Bucerchiale. 

It’s a phrase that every lover of Italian wine should know.  Say it with me: Bu-chair-key-ah-lay. 
I am convinced, were this wine from one of the better known areas of Chianti Classico,  it would likely be near to $100 and very difficult to find.  It’s old vine (planted in the 1970’s) it’s a single vineyard,  it’s 100% Sangiovese from the best selection of grapes and the winemaker is Franco Bernabei (see: Fontodi and Felsina)   So what’s the issue you say?  Well, it’s made from an oft forgotten corner of Tuscany called Chianti Rufina.  
Winemaker Federico Massetti told me at this year’s Slow Wine tasting in Manhattan that he preferred the 2011 Bucerchiale to the 2010. I reminded him what he told me about the 2009 a few years earlier and he laughed saying he didn’t think the 2011 was too far behind.

The fact of the matter is, the wine needs no introduction and we should be thrilled that it’s somewhat unknown because it leaves it affordable and available.  Recently I received a bottle of the 2011 and could not wait to update my review. 
The 2011 Selvapiana Bucerchiale Riserva is comprised of the best Sangiovese grapes that the eponymous named vineyard produces.  Typically the last parcel of Federico’s estate to ripen, the grapes are normally harvested during the end of the first week of October.   Vinification takes place in stainless steel and then the wine is barrel aged in small French barrique for up to 3 years before an additional year in bottle.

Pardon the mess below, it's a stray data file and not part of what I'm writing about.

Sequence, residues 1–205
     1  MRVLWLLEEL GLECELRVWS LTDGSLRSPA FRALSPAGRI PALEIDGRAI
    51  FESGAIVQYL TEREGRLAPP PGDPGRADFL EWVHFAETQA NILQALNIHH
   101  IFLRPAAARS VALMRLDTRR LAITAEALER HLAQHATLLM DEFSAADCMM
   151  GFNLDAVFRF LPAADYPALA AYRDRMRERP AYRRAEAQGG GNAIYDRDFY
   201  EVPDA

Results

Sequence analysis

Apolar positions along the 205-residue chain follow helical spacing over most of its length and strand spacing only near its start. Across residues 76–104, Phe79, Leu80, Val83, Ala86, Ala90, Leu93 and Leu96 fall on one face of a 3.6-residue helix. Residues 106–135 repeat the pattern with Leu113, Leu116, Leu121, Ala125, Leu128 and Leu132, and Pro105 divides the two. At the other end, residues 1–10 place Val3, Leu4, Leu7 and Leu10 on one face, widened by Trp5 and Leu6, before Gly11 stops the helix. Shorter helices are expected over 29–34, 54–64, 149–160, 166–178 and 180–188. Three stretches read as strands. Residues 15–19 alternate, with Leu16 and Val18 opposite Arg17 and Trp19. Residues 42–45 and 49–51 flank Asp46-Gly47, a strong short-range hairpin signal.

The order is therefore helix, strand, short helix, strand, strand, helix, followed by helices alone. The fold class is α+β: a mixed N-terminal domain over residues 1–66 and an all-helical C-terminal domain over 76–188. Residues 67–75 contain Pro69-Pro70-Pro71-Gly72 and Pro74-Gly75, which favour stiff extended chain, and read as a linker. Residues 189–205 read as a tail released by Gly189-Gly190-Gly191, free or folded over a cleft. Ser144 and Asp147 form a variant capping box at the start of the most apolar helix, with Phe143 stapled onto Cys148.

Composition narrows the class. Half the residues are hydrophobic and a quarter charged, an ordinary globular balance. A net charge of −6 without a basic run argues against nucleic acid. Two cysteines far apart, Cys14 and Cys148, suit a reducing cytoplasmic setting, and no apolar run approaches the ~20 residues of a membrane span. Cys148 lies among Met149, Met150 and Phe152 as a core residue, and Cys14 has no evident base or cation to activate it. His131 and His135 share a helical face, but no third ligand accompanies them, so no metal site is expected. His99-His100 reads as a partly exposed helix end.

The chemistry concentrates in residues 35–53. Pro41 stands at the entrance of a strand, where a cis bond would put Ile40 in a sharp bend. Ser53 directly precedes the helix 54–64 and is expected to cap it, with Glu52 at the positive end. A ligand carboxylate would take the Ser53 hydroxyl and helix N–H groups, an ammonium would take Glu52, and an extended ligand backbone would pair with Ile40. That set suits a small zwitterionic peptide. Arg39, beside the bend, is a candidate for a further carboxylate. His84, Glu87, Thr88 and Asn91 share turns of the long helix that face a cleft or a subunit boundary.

We decanted the wine for about 30 minutes before dinner.  I always sense a note of “animale” in this wine – it’s a hallmark of the vineyard – and  I wanted to aerate the wine so this trait blossomed.  In the glass, the bright violet colored wine gives off aromas of cedar, “animale“, mushroom, and focused, deep, cherry notes.  On the palate, the wine retains a rusticity but not at the expense of asserting its modern production methods.  Clean, focused flavors of wild cherry, tobacco leaf, sage and mushroom meld together nicely and are well balanced against the acidity and tannins.  Still a little chewy, this could use 1-2 years in the cellar to flesh out some of that tannic backbone.  Simply a beautiful red and worthy of your consideration.  92 points.  About $27-$30.  Disclosure: This bottle was an importer provided sample.
~ Bucerchiale is 100% Sangiovese from a single vineyard in Chianti Rufina ~

E vero!

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